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I’ve been rewatching the new Picard series – which will come as no surprise to anyone who knows me. I am a Star Trek: The Next Generation fan, and I love Captain Jean-Luc Picard.

In this new series, I am particularly taken by a group of Romulan warrior nuns called the Qowat Milat. Don’t worry! You don’t have to understand anything in the last sentence to get value from the rest of the blog. (But how awesome is a group of Romulan warrior nuns who only bind their sword to lost causes?!)

What I really like about the Qowat Milat is that they live “The Way of Absolute Candor.” They believe in “total communication of emotion without filter between thought and word.” Wow! Can you imagine what life would be like if we all practiced absolute candor?

We wouldn’t have to guess any more about whether or not someone was angry with us. If they were upset, they’d just say, “I’m upset about this.” We’d know immediately if it was something that we said or the fact that we are out of orange juice.

If we were hurt by someone’s comment, we’d just tell them. I recently had someone that I pay money to for consulting say to me, “I don’t know why you’d ask that question.” I did not tell this person that they had pissed me off, were not fostering psychological safety, and needed a refresher course in delivering customer service that delights.

I swallowed my anger and went on with the discussion. In truth, I didn’t do either of us any favors in the long run. We continue to work together, and I do not like this person. I did not give them a chance to see how their behavior was perceived. I never opened the door to the opportunity of repairing the relationship because the other person had no idea that there was a problem.

How one practices absolute candor would be key. In Picard, two members of a small crew hook up one night. There is some awkward tension between them the next morning. The character who practices absolute candor said, “The obvious tension between you makes me uneasy.” It was said in a calm and nonjudgmental way. Brilliant!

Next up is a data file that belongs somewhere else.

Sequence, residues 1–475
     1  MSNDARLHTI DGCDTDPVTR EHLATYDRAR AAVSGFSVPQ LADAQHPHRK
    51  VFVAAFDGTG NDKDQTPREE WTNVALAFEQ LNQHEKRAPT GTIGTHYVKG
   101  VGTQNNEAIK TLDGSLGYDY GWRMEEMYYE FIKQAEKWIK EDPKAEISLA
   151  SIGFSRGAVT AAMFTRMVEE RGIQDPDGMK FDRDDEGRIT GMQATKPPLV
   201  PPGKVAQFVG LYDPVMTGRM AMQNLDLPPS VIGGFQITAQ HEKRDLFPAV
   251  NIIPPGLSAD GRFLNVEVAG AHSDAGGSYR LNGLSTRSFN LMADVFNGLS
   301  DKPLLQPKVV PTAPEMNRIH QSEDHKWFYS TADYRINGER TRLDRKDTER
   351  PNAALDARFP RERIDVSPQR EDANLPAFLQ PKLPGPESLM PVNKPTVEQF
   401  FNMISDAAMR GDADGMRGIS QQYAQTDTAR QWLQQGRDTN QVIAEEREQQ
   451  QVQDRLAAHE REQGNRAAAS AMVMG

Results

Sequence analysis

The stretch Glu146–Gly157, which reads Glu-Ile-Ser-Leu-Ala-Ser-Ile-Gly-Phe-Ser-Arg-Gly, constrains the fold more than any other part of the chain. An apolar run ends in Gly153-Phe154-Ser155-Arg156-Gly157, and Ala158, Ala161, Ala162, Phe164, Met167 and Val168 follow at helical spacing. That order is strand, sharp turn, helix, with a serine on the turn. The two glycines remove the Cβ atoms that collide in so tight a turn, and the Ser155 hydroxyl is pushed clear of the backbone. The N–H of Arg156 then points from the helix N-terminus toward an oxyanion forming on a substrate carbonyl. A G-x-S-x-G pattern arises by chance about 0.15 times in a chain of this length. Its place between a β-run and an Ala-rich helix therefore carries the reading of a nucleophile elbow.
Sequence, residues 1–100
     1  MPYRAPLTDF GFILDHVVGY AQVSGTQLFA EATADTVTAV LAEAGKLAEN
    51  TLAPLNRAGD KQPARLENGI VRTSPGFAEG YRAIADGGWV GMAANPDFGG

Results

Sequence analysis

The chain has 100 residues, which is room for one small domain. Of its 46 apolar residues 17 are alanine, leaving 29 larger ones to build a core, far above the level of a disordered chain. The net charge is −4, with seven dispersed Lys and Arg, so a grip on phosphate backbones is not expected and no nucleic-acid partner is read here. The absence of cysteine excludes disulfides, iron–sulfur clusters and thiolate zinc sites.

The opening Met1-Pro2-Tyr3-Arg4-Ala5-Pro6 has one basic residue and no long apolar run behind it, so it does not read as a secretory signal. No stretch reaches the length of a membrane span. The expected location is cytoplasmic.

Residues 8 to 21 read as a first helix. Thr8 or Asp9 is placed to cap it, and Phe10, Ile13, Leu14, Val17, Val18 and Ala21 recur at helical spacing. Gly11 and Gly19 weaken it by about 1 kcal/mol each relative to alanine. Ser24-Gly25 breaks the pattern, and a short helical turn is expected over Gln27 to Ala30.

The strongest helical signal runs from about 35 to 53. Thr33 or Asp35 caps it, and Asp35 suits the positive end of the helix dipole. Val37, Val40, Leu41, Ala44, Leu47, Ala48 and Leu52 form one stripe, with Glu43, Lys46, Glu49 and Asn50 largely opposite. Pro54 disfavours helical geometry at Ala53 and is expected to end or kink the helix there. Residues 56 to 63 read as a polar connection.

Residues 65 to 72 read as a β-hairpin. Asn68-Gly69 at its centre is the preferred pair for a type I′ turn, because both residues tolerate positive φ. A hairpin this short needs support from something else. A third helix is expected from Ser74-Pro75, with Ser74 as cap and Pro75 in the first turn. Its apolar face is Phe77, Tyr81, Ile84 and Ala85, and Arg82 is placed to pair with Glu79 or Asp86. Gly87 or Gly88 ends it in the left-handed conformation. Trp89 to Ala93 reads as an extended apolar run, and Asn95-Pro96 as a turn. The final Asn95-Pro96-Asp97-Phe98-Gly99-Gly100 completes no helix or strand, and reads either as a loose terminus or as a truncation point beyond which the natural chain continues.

In systems coaching, we call that “naming the emotional field.” As a coach, we name the emotions that we sense are present during a discussion or workshop.

I had a difficult time with this technique in the beginning because I had never paid attention to the emotional field before – or my own feelings. I just kind of kept going a step at a time, relying on logic alone.

Naming the emotional field is a powerful tool. During a discussion, it gets everyone to pause and check in with how they are feeling about what is going on.

The feeling part of a discussion is just as critical as the fact part. When we all start to ask why we feel a certain way, we generally open the vault on a bunch of new and relevant facts.

When first hearing about the Qowat Milat, one of the characters says, “Anyone else think the Way of Absolute Candor sounds potentially annoying?” I agree.

If we all ran around commenting on every feeling, the world could become an annoying place. I’m not sure I want to hear everyone’s emotions about the food they eat, the clothes someone is wearing, or my love of Star Trek: The Next Generation characters.

However, the world would be a less tentative and tension-filled place if we calmy shared how we feel in situations that are important and with people who matter.

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